|Decades of research from the US Department of Veterans Affairs consistently show a higher incidence of PTSD for African American and Hispanic veterans than white ones in the post-Vietnam era. The rates are even higher rates for Native American and most Asian Americans. |
|The Air Force has a new diversity and inclusion plan|
|In a fairly comprehensive list of remedies, the Air Force now will require at least one diversity candidate on each slate for potential leadership jobs, and make sure that development teams, which help shape careers, are also diverse. They’re also deploying a new data analytics team to help identify new, diverse sources of talent and get ahead of retention trends.|
|Middle school football team continues to protest despite backlash|
|Inspired by Colin Kaepernick, a southeast Texas middle school football team and their coaches have been taking a knee during the national anthem since their season started. Now, other teams are refusing to play against them and their head coach has been suspended for the season. Amid the drama and death threats, the kids keep kneeling.|
|Black residents less likely to call police when they need help|
|According to the New York Times, US police officers have killed three people a day since 2016 began, a stat that comes to life in the videos that increasingly accompany the incidents. As a result, new research shows that black people are less likely to call 911 in certain communities. When citizens lose faith in the police, crime in those communities spike up.|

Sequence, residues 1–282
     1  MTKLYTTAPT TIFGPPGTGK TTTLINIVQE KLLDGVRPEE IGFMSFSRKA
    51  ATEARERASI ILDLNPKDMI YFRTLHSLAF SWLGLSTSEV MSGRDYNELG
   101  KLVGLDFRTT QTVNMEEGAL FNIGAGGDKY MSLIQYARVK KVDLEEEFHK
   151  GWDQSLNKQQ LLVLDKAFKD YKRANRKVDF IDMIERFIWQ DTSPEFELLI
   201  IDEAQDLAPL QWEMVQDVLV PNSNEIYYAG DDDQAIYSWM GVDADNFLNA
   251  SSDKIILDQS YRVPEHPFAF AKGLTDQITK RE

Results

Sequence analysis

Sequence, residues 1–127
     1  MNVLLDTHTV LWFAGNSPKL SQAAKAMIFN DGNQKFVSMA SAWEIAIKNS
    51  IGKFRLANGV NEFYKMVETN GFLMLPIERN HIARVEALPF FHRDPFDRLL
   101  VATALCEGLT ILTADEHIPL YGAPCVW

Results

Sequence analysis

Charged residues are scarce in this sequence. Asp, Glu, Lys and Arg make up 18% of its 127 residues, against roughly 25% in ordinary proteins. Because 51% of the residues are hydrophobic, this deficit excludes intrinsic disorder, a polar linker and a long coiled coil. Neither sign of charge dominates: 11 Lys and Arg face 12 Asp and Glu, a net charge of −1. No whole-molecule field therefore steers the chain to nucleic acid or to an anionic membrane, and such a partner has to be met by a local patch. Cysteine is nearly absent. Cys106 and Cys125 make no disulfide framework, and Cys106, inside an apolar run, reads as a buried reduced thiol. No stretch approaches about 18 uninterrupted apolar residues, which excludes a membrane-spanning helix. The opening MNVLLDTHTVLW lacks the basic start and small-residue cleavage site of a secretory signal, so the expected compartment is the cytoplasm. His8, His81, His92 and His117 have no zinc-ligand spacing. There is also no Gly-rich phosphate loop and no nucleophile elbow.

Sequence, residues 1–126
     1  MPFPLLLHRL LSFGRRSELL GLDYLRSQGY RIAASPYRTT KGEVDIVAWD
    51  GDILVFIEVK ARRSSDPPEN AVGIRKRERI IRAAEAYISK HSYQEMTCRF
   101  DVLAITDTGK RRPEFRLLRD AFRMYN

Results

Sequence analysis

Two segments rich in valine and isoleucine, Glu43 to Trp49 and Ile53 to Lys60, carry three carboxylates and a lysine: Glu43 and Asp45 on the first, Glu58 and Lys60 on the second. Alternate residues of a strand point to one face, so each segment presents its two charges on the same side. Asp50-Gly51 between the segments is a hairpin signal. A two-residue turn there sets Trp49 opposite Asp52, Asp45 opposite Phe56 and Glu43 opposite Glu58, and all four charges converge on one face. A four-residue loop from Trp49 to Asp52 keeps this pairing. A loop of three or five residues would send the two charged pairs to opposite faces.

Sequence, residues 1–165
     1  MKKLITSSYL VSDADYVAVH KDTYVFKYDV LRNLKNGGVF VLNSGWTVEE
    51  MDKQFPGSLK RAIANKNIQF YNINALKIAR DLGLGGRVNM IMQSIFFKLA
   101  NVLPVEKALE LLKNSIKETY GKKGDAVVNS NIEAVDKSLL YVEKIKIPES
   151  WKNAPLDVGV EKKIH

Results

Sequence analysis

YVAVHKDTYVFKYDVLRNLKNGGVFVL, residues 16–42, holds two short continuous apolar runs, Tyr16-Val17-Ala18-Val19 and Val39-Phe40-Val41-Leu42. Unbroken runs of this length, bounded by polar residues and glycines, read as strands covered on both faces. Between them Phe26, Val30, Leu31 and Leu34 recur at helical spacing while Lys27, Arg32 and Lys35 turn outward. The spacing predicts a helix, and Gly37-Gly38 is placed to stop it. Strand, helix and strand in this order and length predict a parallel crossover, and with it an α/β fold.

|New York Times|
|A shortage of injectable estrogen is causing a crisis in the transgender community|
|Synthetic estrogen plays an indispensable role for people who choose to medically transition, and the recent shortage has sent shockwaves through the trans community. There are many reasons why, but here’s one: violence against gender non-conforming people is alarmingly high; more than half of the trans people murdered in 2015 were transwomen of color.|
The Woke Leader
|What do we mean when we say things are better than they used to be?|
|Davidson College professor Devyn Spence Benson explores the idea that the appearance of progress is masking the deep but differentiated anxieties we all feel in racially divided countries. “Notions of racial harmony and progress are founded on the belief that nations like the United States, Cuba, Brazil, and others gave ‘things’ to people of African descent … and therefore blacks should be grateful and ‘act right.’”|
|African American Intellectual History Society|
|When someone you like or love says something kinda racist|
|Subtle things can be tough – like someone who defends racist comic books for their “edginess,” or sneers, like one poor guy’s new college suitemate: “Was that your dad? He looks sooo Mexican.” There’s no easy way, but the takeaway here is clear. Seething in silence is not your best option. |
|Ethan Hawke talks about race in a candid interview|
|In this installment of “How I Got Over,” a WNYC-produced video series that explores the language around race, actor Ethan Hawke discusses race and his mixed feelings about his own role as an amplifier of culture. One example: He observed stop-and-frisk activity while doing police “ride-alongs,” prepping for his role in the film Training Day. “And I could sit in the back seat and go ‘How come you guys…you never stop any white people. Why is that?’” said Hawke. The answer he was given: “‘Well, they’re not scary.’”|